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These Are The Questions You Ask Me About Snakes That I Can’t Answer

    I get asked a lot of questions about wildlife and that’s great because I enjoy answering them. But, sometimes people ask me things that I have no possible way of knowing because I am not psychic. Here are two questions I am asked all the time that I just can’t answer.
I found a snake. Will it bite?
    Answering this question would require me to see into the future. Everything with a mouth can bite you, including me, but that doesn’t mean I will (but I might).
   Some snakes, like watersnakes, tend to be more likely to bite you than other snakes when you handle them, but that doesn’t mean they will always bite. Even species I think of as docile, like kingsnakes, will bite sometimes. Anytime you handle or harass a snake you run the risk of getting bitten. For non-venomous species, it’s just not a big deal. I’ve been bitten dozens if not hundreds of times.

   It is incredibly rare for a snake to just start biting you for no reason. Usually a bite happens only when that animal begins to feel threatened, such as when you try to pick it up. Want to avoid a bite from a snake? Don’t give that snake a reason.

    So, will the snake you found bite you? Maybe. Don’t stress it out and it’s very unlikely.

I found a small snake around my house. Does this mean Momma is around too?
    I have no idea.
    First off, what difference does it make? If there are baby snakes around your property, this probably means that your property is good snake habitat; they wouldn’t be there otherwise*. So, whether Momma is around or not, if you find a snake or two there are probably lots of snakes around that you didn’t see, and that’s okay.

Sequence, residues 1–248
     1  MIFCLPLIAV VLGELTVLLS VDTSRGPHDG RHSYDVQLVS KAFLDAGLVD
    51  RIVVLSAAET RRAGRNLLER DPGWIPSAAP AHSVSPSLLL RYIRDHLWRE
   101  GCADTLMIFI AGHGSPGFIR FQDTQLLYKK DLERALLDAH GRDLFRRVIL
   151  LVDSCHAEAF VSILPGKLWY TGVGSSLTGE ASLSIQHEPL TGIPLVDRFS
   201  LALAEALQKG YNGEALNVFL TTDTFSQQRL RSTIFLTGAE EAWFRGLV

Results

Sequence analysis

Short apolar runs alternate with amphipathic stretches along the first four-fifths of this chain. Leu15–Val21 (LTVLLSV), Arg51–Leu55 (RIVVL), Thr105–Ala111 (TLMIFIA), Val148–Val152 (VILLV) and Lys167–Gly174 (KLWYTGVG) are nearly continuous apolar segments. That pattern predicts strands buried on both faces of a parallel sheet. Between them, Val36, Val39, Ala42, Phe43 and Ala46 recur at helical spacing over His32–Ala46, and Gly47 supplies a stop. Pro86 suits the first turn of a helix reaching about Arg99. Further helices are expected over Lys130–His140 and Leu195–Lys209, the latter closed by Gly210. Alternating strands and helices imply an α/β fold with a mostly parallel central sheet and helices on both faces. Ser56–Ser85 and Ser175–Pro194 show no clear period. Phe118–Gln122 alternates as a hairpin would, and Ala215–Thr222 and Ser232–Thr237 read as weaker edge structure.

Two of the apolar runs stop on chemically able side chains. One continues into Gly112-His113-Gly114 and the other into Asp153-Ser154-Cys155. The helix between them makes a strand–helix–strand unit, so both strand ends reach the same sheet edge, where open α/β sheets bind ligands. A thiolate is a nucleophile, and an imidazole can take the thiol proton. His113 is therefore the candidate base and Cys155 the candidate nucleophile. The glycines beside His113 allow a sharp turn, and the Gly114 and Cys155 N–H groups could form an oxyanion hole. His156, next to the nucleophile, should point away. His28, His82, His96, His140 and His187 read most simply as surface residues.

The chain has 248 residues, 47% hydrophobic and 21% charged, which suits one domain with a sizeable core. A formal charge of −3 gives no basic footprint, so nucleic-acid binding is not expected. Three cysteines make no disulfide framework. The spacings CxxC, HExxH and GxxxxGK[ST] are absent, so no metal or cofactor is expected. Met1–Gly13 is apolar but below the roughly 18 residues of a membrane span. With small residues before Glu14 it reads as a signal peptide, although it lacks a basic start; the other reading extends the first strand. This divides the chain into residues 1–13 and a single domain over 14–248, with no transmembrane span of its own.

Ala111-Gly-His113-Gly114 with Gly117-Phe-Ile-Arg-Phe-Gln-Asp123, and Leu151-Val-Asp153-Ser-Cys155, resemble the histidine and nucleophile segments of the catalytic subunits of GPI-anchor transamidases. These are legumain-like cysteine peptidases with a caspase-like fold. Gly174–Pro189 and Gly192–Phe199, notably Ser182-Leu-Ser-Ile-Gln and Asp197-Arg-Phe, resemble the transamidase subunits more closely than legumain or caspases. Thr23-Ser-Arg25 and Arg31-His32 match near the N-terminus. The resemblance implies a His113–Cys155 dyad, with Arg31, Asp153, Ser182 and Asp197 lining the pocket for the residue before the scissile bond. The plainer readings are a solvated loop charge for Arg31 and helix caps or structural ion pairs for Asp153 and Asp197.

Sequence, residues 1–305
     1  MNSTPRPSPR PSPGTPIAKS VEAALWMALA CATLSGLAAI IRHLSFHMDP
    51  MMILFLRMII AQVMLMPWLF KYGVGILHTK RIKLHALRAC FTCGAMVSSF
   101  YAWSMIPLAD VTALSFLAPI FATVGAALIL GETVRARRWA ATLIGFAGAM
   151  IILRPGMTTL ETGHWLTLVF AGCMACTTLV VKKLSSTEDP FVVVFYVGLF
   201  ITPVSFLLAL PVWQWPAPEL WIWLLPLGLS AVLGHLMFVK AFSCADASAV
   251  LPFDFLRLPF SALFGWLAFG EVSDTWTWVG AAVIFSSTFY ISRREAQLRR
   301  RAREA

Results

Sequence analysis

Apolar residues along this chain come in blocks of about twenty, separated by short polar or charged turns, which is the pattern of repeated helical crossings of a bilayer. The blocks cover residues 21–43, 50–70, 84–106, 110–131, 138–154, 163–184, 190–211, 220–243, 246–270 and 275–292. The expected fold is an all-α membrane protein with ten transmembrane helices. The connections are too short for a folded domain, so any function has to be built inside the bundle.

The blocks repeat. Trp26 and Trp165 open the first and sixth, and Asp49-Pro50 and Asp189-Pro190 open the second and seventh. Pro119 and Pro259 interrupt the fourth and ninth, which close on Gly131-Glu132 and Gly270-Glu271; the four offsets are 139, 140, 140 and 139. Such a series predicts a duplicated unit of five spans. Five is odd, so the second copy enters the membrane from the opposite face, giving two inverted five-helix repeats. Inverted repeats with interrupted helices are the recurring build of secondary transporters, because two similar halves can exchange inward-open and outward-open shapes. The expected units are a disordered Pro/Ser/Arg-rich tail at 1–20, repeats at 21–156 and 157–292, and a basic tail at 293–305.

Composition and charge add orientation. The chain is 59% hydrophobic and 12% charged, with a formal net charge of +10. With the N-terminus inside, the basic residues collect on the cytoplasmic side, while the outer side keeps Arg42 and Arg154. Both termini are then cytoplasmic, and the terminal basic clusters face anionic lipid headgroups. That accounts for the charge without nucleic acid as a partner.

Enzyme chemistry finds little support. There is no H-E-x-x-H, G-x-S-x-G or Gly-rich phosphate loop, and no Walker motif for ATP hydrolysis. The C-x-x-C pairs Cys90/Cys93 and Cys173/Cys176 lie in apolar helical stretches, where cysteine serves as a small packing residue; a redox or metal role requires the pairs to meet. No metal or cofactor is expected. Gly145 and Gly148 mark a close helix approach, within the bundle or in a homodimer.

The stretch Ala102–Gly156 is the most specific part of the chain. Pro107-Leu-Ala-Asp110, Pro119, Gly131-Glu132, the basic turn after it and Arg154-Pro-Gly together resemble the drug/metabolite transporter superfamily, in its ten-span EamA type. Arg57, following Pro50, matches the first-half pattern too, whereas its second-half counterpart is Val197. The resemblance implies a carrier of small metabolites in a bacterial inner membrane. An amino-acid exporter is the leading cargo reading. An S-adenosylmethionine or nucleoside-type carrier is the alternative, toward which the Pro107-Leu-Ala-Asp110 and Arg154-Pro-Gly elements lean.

Second, with the exception of the vipers (rattlesnakes, copperheads, cottonmouths) and watersnakes (including Gartersnakes), most of the snakes you’re seeing around your house hatched from eggs that have been incubating underground or in some wood pile for at least two months. Snakes don’t tend to stick around their nests (with the exception of some pythons and cobras) and that’s a lot of time for a snake to wander off.
    Even those snakes that give birth to live young don’t really accompany them around like a mother lion does with her cubs (and they don’t have nests). The young snakes do their own thing and generally head off in different directions shortly after they are born. There are some interesting exceptions: for example, when some rattlesnakes give birth in their dens, the young and the mother tend to stay there for some time. The interactions among these snakes are the subject of interesting and ongoing research, but this isn’t really relevant to the snake you just found in your yard or in your house.
    So, if you don’t want snakes around your house, don’t spend too much time worrying whether Momma is there and concentrate on making sure your house and yard isn’t good snake habitat

*This is also relevant to another question I am frequently asked regarding how far a baby snake has moved from where it was born. Again, I have no way of knowing how far the snake you found has moved. After snakes are born or hatched they generally disperse off into different directions. If they are in good habitat already (they probably are) then they’ll probably stick around without going too far. If they’re not, they’ll start crawling and how far they get depends on how long they’ve been traveling. But, like above, what difference does it make? If your yard is good snake habitat then there are likely to be snakes there; don’t get caught up on the history of any one particular animal.